Have you ever wondered how all the pear trees know to bloom at the same time? I was wondering that this week. On cue from Heaven, maybe.

I love that spring begins in mid-February here. The rush and hum of the world coming back to life is one of my favorite sensations in all the world. 

Boy, I'm thankful to be living back in the Bay Area!

What are you thankful for today? 

I'm sorry this comes later than usual...I had a big post in the works for last week that just wasn't ready to go up yet. Hopefully it'll be worth the wait when it gets posted this Friday :)

February 10, 2012

Versatile Blogging!

Ooh, how exciting! This blog has received its first award (from my good friend, Angela Wallace: check out her blog for some interesting thoughts on writing, cats, and fantasy...)

This award comes with a catch: I must confess 7 random things about myself, and then pass it on to some worthy-of-note bloggers. Oh dear. Let's give this a try.

1. I don't own a single pair of white socks. In high school, I did a sock exchange by mail with friends and ended up with everything from Tinker Bell socks to electric-blue fishnet socks. My current favorite is a pair of knee-high, blue-and-green argyles.

2. Scotland is my favorite country in the world. I've visited twice, but I'd go back in a heartbeat. If I could tweak the ancestral records and make myself Scottish, I would.

3. I took two quarters of Biblical Greek in college and absolutely fell in love with it--especially because so much of English is derived from Greek. My family will tell you that I still occasionally break into raptures when I recognize a word...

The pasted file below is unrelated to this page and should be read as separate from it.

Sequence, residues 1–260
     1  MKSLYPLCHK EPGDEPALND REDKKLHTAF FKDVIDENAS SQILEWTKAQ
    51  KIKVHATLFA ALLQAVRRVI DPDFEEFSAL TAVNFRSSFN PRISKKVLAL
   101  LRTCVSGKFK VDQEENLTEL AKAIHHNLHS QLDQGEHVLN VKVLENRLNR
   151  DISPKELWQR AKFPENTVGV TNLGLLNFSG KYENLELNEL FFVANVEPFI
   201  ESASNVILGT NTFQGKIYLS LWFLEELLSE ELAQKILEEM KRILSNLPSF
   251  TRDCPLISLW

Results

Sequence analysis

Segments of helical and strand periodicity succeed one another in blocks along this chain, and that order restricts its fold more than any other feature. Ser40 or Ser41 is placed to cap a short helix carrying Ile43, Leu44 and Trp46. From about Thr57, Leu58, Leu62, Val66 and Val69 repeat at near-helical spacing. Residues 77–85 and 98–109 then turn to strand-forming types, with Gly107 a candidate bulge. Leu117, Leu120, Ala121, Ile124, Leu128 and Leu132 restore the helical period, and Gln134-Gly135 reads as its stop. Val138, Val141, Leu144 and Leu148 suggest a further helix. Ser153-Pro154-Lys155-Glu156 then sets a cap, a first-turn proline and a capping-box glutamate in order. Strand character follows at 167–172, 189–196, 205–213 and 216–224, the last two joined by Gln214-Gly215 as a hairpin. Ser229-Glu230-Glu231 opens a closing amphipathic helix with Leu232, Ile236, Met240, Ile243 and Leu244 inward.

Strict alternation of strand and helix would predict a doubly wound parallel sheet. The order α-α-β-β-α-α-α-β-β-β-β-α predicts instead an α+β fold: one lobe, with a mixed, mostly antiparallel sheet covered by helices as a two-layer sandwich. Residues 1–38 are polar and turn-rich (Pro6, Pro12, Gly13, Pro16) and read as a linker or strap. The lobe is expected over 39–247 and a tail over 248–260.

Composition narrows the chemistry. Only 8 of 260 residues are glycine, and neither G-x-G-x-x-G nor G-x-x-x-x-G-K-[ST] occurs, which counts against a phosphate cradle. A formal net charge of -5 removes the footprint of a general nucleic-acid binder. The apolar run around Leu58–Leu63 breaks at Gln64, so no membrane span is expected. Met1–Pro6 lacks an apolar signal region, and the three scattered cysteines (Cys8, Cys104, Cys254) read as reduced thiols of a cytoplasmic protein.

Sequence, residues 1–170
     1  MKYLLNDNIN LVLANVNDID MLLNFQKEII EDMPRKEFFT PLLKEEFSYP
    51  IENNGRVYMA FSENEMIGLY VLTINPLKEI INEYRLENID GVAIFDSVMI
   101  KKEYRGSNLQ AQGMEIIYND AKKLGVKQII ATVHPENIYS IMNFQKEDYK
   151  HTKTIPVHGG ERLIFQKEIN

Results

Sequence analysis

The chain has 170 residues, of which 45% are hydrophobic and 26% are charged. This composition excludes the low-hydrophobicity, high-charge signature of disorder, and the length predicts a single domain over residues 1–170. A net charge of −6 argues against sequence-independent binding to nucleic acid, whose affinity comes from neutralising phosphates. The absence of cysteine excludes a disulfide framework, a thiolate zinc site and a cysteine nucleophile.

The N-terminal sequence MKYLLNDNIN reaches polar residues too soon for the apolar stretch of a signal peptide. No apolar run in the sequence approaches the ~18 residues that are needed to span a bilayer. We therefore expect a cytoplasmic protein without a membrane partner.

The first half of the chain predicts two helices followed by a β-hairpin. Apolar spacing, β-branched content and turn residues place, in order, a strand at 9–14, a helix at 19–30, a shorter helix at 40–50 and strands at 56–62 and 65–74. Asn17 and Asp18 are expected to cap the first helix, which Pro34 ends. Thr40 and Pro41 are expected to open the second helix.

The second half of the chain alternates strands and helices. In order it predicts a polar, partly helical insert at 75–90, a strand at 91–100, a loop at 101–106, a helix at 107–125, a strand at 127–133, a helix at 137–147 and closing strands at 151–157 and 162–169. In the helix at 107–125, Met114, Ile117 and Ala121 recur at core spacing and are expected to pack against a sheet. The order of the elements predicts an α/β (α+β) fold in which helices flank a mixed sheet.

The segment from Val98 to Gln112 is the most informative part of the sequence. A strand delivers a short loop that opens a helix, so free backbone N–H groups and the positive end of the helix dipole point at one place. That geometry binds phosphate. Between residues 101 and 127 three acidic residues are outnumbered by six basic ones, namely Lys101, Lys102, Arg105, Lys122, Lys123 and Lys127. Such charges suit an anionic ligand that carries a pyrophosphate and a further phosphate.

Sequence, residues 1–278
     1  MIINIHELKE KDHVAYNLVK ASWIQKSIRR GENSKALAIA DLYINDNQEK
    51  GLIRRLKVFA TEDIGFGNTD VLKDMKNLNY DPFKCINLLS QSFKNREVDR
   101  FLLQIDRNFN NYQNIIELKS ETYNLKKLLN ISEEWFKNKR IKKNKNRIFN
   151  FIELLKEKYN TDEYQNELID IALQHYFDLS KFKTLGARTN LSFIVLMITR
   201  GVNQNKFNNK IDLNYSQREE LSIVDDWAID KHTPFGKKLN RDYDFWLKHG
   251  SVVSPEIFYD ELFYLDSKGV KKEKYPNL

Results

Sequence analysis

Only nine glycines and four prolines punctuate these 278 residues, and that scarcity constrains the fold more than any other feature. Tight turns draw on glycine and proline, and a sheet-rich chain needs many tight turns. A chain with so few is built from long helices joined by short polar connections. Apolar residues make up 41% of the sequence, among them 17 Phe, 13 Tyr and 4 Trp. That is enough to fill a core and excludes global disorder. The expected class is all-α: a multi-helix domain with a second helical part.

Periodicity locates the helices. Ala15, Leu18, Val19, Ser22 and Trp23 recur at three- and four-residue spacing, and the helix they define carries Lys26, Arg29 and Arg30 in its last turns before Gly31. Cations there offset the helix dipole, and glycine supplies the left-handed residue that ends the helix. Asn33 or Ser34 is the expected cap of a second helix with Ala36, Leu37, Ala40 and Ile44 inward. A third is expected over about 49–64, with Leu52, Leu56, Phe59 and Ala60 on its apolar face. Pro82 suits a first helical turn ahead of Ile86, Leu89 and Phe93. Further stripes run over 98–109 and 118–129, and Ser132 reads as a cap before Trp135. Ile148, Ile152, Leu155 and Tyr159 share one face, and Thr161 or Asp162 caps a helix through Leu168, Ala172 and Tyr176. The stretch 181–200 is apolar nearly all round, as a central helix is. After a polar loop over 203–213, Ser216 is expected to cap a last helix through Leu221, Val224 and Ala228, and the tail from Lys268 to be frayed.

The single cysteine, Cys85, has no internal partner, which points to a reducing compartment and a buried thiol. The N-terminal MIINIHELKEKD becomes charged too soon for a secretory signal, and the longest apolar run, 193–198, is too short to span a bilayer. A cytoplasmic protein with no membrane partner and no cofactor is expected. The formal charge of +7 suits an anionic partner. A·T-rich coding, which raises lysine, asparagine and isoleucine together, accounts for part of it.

4. Almost all my favorite authors are old dead guys (or gals). I think good authors are like good cheese: the older, the better.

5. I like to play with big dogs, cook with big knives, and read with big books.

6. If I could be any Disney princess, I would want to be Belle for sure. Brave, kind, enormous personal library, and how about that ballroom scene??

7. My favorite Shakespeare play is Hamlet. I'm a sucker for tragedy. Don't ask me why.

And now, to pass this honor on to some wonderful bloggers!

1. Audry : Amazing photos, knitting stories (many of them about her own designs), artistic endeavors, unexpected adventures, and puppy antics.

2. Adelle : Sometimes funny, sometimes poignant, these are the writings of a boymom who loves God, shoes, and words.

3. Matthew : A witty New Zealander writing about writing, reasoning, and history.

4. Marcy : Though she's already received this award numerous times, her insights on grammar and life through the eyes of faith deserve another nomination!

Even if you don't keep a blog, what are the 7 weirdest, quirkiest, or funniest things you'd list about you? 

February 3, 2012

Advice from a Book: 5 Gruesome Ways to Die

My dear Libris,

You are young and fresh off the press. I know your binding glue is new and your cover art done by a cutting-edge designer. I know you sit on the bookstore shelves and flirt with every customer who walks by, simply because you have no experience of the world and do not know what terrible and gruesome deaths books can meet. So pay attention! I would hate for any of these to happen to you.